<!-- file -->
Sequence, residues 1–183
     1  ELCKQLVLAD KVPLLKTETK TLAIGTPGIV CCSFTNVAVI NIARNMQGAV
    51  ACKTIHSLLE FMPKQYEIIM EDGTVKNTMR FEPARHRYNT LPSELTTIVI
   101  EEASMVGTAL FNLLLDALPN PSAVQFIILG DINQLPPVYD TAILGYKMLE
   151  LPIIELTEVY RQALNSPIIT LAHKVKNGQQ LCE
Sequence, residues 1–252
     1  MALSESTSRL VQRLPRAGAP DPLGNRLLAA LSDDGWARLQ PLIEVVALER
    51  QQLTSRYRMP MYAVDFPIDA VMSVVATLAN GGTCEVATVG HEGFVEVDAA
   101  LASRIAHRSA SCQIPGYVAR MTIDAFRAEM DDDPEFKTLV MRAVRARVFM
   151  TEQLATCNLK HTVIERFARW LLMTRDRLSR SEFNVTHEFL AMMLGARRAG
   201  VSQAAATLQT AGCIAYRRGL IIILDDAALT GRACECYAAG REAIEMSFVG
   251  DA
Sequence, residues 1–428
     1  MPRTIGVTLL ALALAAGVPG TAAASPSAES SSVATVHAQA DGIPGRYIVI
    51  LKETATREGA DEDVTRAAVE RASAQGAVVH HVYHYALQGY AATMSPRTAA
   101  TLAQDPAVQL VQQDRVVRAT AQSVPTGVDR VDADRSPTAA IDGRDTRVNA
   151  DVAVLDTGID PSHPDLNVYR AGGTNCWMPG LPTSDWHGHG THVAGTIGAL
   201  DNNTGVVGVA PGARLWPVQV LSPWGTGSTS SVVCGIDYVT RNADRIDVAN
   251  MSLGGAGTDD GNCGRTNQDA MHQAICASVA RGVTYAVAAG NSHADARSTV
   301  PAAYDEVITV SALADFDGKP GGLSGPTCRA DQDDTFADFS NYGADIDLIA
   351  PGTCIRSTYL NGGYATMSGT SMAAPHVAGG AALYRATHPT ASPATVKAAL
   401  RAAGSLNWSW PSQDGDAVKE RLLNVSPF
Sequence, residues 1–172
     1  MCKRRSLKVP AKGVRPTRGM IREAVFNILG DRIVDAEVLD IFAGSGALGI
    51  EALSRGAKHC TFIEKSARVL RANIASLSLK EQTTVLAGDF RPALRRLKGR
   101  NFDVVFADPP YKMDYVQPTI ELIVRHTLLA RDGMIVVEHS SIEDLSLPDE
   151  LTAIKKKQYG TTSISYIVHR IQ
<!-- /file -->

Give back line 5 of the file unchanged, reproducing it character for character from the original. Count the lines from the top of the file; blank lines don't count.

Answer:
   151  LPIIELTEVY RQALNSPIIT LAHKVKNGQQ LCE